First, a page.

It was Philadelphia's greatest entrepreneur, Benjamin Franklin, who wrote, "nothing is certain but death and taxes." This week we offered Philadelphians tips on preventing the former and simplifying the latter. It wasn't all heavy topics though, we also shows locals where to find both funding and great mosaic art here in Philly.

Sometimes finding great things (and postponing that inevitable death Ben Franklin warned about), requires early thinking. While we had our first extra warm days today, it's already time to start thinking about where you food comes from this produce season. Getting a CSA (community supported agriculture) farm share is a great way to support local business and stay healthy all summer long. Check out these options in Philly: Lancaster Farm Fresh, Red Earth Farm, Wilmer's Organics, Greensgrow Farms, and Weavers Way Co-op

Thursday, March 18, 2010

This Week on the Web

This week on the web I've found an electronic way to stay motivated at work, 2 easy-to-use tax calculators, and an interesting experiment in linguistics and the way we search the internet.

Panic Board: Panic is a company that makes software solutions for Macs, like Transmit, Coda and Unison. Now, they've made something for their employees I envy: the Panic Board. An internal webpage, it displays what each team member is working on and how far along projects have come. Specifically, it "auto-updates support email queue numbers, how far along each company project is, day over day revenue comparisons, the company calendar, and Twitter messages." Wow! According to employees, productivity is way up. I would buy this software to keep me up to speed. Would you?

Wednesday, March 17, 2010

8 Questions Entrepreneurs Should Answer Before Buying Health Insurance

Navigating the world of insurance can be complicated. There's a lot of new information to process and when it comes to health insurance making the wrong decisions could really affect you, your family, and your business. Owning your own business means you now have the entire responsibility of choosing and paying for your insurance plan. How will you know you're getting everything you need to know? Or if you're getting the best deal? Here are some guiding questions to ask yourself and an insurance agent when it comes to health insurance.

Tuesday, March 16, 2010

10 Places to Seek Funding in Philadelphia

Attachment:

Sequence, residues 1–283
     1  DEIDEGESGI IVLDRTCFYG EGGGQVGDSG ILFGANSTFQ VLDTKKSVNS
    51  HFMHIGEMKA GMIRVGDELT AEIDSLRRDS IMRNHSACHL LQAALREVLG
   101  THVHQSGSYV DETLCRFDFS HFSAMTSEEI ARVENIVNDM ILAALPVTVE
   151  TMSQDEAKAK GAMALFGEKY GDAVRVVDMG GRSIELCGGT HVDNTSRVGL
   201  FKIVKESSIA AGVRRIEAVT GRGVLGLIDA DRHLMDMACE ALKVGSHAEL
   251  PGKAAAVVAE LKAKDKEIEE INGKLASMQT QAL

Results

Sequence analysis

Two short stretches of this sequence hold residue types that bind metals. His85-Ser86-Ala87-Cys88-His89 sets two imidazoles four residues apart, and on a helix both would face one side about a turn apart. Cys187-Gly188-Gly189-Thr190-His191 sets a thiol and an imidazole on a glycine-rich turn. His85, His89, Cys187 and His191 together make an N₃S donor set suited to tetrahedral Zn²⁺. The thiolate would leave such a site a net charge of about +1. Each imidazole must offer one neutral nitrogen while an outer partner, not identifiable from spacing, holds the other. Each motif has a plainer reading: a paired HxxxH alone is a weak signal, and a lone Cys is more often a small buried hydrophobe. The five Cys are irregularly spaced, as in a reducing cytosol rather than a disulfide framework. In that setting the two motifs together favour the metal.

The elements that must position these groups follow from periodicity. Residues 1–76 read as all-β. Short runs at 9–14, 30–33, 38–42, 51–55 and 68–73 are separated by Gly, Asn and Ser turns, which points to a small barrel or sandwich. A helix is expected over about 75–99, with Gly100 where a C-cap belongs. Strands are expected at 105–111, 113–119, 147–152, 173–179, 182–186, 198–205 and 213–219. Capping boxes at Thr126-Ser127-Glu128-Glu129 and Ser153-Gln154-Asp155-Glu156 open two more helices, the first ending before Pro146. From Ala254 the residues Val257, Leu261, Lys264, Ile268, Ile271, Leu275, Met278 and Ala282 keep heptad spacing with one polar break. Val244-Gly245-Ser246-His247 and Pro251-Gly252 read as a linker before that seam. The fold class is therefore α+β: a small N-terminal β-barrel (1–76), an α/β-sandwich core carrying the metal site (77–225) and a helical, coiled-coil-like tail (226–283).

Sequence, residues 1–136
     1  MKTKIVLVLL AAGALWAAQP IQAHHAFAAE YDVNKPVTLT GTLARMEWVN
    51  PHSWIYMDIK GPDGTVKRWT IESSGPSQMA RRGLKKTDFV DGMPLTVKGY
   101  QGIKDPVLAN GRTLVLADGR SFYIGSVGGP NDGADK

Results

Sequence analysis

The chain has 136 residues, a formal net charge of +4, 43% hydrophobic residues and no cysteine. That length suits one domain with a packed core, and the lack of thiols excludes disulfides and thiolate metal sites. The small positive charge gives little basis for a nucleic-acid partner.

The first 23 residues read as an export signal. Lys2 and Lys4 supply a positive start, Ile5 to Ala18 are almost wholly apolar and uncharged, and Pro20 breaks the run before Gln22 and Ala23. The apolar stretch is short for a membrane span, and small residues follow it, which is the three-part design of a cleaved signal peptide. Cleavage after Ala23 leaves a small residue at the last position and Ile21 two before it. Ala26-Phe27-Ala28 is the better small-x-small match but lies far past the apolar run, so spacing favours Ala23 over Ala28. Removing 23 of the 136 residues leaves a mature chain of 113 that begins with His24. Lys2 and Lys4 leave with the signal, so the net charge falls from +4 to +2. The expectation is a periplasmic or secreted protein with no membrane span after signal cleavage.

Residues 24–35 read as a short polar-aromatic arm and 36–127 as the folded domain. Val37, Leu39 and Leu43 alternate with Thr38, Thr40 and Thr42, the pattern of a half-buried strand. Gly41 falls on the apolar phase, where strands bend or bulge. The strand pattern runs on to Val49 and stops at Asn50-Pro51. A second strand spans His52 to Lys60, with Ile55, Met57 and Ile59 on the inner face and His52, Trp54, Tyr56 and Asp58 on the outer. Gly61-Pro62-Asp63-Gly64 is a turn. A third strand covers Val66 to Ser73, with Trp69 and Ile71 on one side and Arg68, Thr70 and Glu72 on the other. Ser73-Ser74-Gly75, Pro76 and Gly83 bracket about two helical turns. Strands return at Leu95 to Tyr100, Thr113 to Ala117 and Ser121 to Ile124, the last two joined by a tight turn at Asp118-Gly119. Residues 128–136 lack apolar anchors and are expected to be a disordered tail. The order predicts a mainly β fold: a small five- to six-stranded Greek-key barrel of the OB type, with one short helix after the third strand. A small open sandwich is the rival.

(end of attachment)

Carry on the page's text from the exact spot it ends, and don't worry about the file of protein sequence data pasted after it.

Finding financing in this economy is no easy task, but that doesn't mean we shouldn't consider what's out there. Your funding options as a Philadelphia entrepreneur are dictated by a number of different factors: your credit history, the age and status of our business, your industry, your personal background and your financial needs.

Do you need $500 for a new massage table or $25,000 for a new, dynamic website? Are you looking to start a new business or expand an existing one? Do you have any equipment to use as collateral? How's your credit history?

Monday, March 15, 2010

Entrepreneur Profile: Caresh Walker of Soul Purl 77

South Philly native Caresh Walker runs Soul Purl 77, a unique art store near the Italian Market. Two years ago, he took the steps to turn his passion into his career, and to revitalize the neighborhood where he grew up by opening a storefront. He has some great insights on making art profitable, developing healthy partnerships, and using professional networking for good in a creative field.

Caresh had been making stained glass art for years. As he grew more prolific, creating the stained glass windows and decorations from his kitchen table grew more and more challenging.

Caresh had teamed up with his friend Peter Javian before, but solely to make art. The pair worked together to create pieces they called "artificial artifacts," dealing with ephemera and found objects like old records, old newspaper clippings, and other antiques. The coupled their old time-y aesthetic with good modern business sensibility and worked together to open up a shop together.

The process took two long years of saving by selling their art and commissioning pieces. "It was the hardest part," explained Caresh, "we didn't want to borrow money from anyone." After much hard work, they finally opened the doors of Soul Purl 77 in August 2007.

Caresh and Peter have worked to keep costs down by using their network of friends and artists. They've divided up the shop's space, and let four other artists work out of the building as well. "There are five companies in that small space," he laughed.

Maintaining healthy business relationships and cross-promoting is important at the Purl. Caresh follows some practical strategies to help the artists benefit from each other. "We have monthly meetings to look at future goals, see where we are and make sure everyone is meeting expectations," he said. Another strategy the artists have adopted is meeting twice a month to see how they can work together and cross-promote each other's work.

Caresh has high hopes for the space and his neighborhood, "This part of the Italian Market was kind of barren, so we're glad to see it develop into a commercial venue. There aren't a lot of galleries around here. We figured we could be at the forefront of it, to bring other galleries in, or bring other arts in ourselves." With the Purl's collaborative model and commitment to its community, these goals are looking likely.

Friday, March 12, 2010

Philly Fridays